“The site work has already been done. A six-mile tunnel to nowhere exists in the middle of Yucca Mountain to enable this project to be completed as quickly as possible for the safety of the American people and our nuclear waste,” Wilson said.
Among the plaintiffs was the National Association of Regulatory Utility Commissioners, who expressed support for the decision.
NARUC President Philip Jones said, “At long last, this court decision will direct the Nuclear Regulatory Commission to comply with the law and continue its legally obligated review of the license for the proposed nuclear-waste repository in Yucca Mountain, Nev. It is unfortunate it took litigation and this decision to require the NRC to comply with its responsibilities under the Nuclear Waste Policy Act, but this decision sends a message that federal agencies cannot ignore laws they do not like.”
“This case is not so much about Yucca Mountain as it is about due process,” said Jones. “Existing law requires the NRC to determine whether the facility and location is safe for storing spent-nuclear fuel. Even if it does, the fate of Yucca Mountain remains uncertain. But the NRC is the only agency with the authority and expertise to make the judgment that the facility will meet safety and other regulatory requirements.”
“No matter what the eventual outcome will be, we can learn a great deal from their review, because geologic storage of nuclear-waste remains the most viable option going forward. Thankfully the courts recognized the clear disregard for the law the administration has shown in this proceeding. Now our government has a chance to get this program back on its feet.”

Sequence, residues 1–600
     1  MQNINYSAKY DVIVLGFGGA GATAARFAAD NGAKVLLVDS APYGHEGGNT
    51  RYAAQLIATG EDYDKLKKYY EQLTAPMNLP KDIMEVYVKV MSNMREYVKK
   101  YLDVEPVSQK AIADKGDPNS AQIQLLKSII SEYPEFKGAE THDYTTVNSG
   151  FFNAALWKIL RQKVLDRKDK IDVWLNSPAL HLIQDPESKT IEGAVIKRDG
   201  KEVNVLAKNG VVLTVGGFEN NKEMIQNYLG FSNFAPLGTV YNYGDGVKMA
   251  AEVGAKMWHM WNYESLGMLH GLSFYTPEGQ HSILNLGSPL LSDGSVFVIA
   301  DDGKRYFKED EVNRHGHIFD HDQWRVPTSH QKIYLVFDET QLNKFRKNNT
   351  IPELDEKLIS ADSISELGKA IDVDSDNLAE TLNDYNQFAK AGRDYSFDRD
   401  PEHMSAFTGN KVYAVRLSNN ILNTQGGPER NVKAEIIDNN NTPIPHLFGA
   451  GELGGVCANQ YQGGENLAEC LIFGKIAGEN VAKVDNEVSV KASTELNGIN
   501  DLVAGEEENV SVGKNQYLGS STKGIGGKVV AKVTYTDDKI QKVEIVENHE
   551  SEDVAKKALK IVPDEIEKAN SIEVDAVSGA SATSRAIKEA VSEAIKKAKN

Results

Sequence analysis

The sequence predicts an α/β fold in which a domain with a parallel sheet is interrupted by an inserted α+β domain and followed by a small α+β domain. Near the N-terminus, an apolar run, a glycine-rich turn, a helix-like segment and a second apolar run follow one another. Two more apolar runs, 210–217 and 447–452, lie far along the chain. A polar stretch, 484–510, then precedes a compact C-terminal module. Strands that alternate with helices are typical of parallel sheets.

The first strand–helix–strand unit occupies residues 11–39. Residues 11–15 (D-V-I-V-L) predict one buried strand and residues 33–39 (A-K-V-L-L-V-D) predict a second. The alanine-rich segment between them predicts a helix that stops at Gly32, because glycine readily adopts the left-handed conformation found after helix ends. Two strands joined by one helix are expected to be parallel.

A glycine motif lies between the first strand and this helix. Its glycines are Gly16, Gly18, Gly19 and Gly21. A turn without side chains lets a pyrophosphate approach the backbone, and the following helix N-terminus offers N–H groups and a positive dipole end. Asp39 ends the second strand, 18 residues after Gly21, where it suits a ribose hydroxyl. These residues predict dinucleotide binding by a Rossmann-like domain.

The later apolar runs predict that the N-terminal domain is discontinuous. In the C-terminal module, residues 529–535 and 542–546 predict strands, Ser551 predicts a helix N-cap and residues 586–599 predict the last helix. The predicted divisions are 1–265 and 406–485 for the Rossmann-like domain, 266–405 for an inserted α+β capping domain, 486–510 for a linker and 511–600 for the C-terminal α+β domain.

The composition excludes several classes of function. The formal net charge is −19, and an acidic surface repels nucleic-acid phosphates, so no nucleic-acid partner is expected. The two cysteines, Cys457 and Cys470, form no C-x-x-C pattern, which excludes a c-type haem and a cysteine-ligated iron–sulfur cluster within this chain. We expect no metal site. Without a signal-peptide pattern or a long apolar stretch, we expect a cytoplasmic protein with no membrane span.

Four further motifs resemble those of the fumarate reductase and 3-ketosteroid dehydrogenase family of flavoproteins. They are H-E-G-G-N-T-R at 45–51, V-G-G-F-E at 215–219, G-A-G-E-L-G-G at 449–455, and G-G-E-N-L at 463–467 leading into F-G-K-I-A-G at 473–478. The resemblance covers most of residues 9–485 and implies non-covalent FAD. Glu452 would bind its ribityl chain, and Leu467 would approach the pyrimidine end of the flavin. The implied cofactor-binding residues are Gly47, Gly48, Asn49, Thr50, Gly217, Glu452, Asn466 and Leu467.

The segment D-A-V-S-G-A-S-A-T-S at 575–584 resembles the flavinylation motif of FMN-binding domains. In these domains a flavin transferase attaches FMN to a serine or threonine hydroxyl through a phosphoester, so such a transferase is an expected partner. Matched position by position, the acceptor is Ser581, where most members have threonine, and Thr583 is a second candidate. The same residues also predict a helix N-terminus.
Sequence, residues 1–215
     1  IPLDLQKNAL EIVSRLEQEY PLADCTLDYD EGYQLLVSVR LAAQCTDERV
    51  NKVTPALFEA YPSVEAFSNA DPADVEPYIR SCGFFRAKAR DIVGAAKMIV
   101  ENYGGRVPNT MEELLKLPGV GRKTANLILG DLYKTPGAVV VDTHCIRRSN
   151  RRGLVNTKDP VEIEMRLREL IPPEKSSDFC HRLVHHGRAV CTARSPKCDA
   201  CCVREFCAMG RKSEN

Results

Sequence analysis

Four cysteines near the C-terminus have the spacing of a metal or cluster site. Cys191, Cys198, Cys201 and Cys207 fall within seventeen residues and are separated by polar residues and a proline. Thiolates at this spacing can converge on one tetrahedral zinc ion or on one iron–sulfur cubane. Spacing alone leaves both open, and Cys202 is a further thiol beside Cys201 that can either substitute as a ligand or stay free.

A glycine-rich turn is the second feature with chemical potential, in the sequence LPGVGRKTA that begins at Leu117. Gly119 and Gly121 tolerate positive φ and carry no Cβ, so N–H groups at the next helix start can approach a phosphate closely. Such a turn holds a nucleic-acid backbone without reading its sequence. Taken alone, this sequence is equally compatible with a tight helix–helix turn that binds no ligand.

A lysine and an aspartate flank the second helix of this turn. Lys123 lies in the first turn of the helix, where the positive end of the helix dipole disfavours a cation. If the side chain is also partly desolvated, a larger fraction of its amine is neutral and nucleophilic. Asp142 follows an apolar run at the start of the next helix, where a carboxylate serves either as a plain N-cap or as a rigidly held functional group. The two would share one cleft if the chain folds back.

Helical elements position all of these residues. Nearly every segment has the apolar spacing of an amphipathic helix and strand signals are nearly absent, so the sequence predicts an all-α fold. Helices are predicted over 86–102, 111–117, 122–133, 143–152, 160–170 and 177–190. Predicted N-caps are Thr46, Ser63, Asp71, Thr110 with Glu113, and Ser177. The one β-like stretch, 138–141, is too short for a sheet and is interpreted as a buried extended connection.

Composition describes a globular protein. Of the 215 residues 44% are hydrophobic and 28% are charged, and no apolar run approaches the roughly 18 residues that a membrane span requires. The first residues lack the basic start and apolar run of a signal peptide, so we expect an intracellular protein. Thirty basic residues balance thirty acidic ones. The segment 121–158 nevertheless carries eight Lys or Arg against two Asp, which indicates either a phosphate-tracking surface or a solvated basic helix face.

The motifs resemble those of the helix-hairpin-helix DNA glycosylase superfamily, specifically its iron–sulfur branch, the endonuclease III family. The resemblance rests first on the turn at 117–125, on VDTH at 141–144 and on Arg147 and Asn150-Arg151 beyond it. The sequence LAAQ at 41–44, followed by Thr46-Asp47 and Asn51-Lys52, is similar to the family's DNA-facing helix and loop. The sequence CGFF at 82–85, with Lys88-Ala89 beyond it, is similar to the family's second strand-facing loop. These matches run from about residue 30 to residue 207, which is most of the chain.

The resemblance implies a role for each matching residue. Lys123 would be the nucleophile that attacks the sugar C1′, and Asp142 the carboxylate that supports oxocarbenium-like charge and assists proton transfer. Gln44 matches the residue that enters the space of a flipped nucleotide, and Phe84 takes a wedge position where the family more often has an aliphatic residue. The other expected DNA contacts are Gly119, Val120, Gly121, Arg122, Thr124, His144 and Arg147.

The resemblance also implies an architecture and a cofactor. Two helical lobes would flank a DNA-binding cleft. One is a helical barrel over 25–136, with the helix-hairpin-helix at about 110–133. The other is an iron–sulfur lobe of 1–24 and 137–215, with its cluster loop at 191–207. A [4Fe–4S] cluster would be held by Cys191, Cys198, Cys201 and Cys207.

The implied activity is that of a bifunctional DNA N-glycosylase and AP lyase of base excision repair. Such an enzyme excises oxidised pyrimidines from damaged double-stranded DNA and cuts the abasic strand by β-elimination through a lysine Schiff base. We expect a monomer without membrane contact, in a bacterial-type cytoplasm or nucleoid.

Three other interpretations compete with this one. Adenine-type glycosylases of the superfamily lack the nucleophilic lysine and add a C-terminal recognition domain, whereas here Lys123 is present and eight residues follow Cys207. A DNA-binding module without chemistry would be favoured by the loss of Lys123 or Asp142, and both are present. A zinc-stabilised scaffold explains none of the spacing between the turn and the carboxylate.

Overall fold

But Nevada officials have fought the Yucca Mountain repository ever since it was proposed, saying it lies within an area fractured with earthquake faults and movement of water through the site would over time corrode waste containers and spread radioactivity into the environment.
Since the 1982 Nuclear Waste Policy Act, Senator Harry Reid of Nevada, now Senate Majority Leader, has fought attempts by pro-Yucca Presidents and Congresses to force Yucca Mountain on Nevadans.
Senator Reid worked with the Obama Administration to eliminate funding for Yucca Mountain in 2011, withdraw the license application, and terminate the project. The White House’s FY2011 budget request completely eliminated all funding for the Yucca Mountain project.
“While fighting for better, safer and more fiscally responsible solutions for dealing with nuclear waste, Senator Reid has successfully stalled the Yucca project by cutting its funding year after year,” Reid’s office says in a statement on the senator’s website.
The nation’s spent nuclear fuel is now stored in pools or dry casks on site at the nation’s 104 nuclear power plants.
According to the Congressional Research Service, using industry data, there were 62,683 metric tons of commercial spent fuel accumulated in the United States as of the end of 2009. The total increases by 2,000 to 2,400 tons annually. Of that total, about 78 percent is stored in pools and 22 percent is stored in dry casks.